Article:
Beginnings. When we last left pioneering Virgin Islands Reggae outfit, Midnite & Vaughn Benjamin, we were taking a look at an album which has largely now gone forgotten in many respects, but was surely of no less quality, for the most part, than the current maddening level of ridiculously high projects Midnite has been doing in recent times. Although 'they' certainly are one of the most popular Reggae acts in the world, being as hyperactive as they have been throughout the years virtually guarantees that something will slip past the attentions of even the most ardent of fans and "The Way" was one of those somethings. Taking a next step beyond that taking an even greater look at things, I think that in many respects you can say that the union which would birth that album, between Midnite and Rastar Records, on nearly the whole, hasn't produced albums which have been the most popular. Saying something like that is very strange, particularly when you consider the fact that Midnite's popularity hasn't waned in the slightest over the past five or six years, during which Midnite/Rastar Records has produced now seven albums. In fact, one could argue that they're as well known today as they've ever been. That says a great deal about Midnite's fans - as I've said in the past, they may very well have the most passionate of followers of the entire modern era - who have continued to support and respect their work as the musical legend of Midnite has nearly grown to an almost irreproachable level. You simply will not find too many people saying bad things about their music at this point and that's a distinction which WILL NOT change anytime soon. So, definitely the work of Midnite alongside Rastar Records is to receive a great deal of credit because of where that musical reputation exists today because no one has made as much Midnite music in recent times than Rastar. And they've done this, as I said, without necessarily grabbing a more wide-reaching level of attention for their releases, w hen compared to Midnite records coming from I Grade Records, which are always popular. Out of the seven there have been two exceptions, 2011's "Treasure" and "Children Of Jah" from last year, both of which would go on to be quite well promoted projects (the former as a VP Records distributed product and the latter as a… I don't even know how to explain what happen with "COJ" but it is still very popular). Looking back, what has happened with Rastar has (or at least should) also draw a kind of a backwards boost in attention, as it has done for us today as we take a look back to where it all began.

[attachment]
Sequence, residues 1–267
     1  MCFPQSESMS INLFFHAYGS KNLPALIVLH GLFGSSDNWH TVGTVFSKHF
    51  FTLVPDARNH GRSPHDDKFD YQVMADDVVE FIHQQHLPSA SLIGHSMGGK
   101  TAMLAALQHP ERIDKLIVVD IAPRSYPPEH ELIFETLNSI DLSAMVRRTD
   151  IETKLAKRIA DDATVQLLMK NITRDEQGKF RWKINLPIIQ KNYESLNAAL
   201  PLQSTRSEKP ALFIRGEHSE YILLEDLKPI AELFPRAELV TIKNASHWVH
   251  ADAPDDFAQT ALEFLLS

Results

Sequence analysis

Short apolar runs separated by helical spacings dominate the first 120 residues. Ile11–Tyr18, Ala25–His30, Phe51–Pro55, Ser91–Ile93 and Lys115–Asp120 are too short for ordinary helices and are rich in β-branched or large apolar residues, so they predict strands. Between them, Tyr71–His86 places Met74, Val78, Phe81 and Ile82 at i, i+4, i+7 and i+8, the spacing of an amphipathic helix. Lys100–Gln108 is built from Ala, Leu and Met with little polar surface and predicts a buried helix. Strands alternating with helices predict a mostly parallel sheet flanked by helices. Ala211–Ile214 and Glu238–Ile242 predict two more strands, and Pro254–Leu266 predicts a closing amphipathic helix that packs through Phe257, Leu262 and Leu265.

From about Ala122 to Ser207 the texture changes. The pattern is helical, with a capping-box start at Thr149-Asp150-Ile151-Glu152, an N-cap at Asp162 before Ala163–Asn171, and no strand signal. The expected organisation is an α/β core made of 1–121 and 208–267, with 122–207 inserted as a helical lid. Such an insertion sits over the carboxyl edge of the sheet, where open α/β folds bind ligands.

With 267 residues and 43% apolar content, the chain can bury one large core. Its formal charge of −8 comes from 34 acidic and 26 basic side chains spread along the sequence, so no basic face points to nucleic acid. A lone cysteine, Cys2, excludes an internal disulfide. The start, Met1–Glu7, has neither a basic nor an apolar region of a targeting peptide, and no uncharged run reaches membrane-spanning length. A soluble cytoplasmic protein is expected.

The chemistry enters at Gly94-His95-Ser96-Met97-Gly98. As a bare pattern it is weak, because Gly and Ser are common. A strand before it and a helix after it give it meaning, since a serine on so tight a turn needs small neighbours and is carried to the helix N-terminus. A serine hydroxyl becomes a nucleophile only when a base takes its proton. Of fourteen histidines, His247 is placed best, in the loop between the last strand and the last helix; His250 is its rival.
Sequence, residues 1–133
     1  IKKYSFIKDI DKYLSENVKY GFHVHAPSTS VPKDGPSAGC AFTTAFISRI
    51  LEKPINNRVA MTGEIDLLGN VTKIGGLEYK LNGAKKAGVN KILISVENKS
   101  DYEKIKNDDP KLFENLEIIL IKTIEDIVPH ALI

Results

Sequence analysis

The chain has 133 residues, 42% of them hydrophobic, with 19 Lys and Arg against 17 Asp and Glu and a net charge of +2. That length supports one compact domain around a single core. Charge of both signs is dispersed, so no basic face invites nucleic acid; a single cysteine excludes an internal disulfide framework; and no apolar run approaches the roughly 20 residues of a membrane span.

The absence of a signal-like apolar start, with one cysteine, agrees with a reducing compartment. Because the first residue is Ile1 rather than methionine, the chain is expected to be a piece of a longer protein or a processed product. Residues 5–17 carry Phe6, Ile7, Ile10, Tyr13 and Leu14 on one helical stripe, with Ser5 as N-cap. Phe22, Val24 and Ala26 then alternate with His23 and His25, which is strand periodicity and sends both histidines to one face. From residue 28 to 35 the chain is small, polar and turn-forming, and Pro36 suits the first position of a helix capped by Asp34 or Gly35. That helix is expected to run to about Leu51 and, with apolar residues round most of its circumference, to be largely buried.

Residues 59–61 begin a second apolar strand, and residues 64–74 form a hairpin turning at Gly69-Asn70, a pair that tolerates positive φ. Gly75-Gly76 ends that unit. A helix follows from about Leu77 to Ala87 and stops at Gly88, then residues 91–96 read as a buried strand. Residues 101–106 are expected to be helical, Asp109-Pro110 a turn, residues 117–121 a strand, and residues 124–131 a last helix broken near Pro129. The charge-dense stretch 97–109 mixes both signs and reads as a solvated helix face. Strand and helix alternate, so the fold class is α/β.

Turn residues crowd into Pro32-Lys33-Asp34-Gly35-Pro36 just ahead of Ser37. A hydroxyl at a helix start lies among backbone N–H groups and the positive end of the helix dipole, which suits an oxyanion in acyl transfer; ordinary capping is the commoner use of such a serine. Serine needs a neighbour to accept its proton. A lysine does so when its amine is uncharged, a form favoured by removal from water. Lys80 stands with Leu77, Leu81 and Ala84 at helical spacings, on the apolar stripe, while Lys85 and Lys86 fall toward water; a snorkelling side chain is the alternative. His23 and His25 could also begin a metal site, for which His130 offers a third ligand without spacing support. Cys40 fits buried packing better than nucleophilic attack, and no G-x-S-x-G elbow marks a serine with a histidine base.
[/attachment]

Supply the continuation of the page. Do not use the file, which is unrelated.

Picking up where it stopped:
I don't even know if Benjamin, himself, or anyone at Rastar could have predicted what was to occur between the two when, back in 2007, the very first Midnite album for the label, "Better World Rasta", would reach. In its time, the album actually did pretty well as far as attracting attention. While it was no where near their most popular set of that year (which would also see he releases of "Rule The Time" and "Infinite Quality", from I Grade and Lustre Kings Productions, respectively), "BWR" wouldn't be lost in the proverbial shuffle as was, arguably, the "The Way" album four years (and about twenty albums) later. But time has surely taken its toll… on its popularity and ONLY its popularity.
|Also from Midnite & Rastar Records|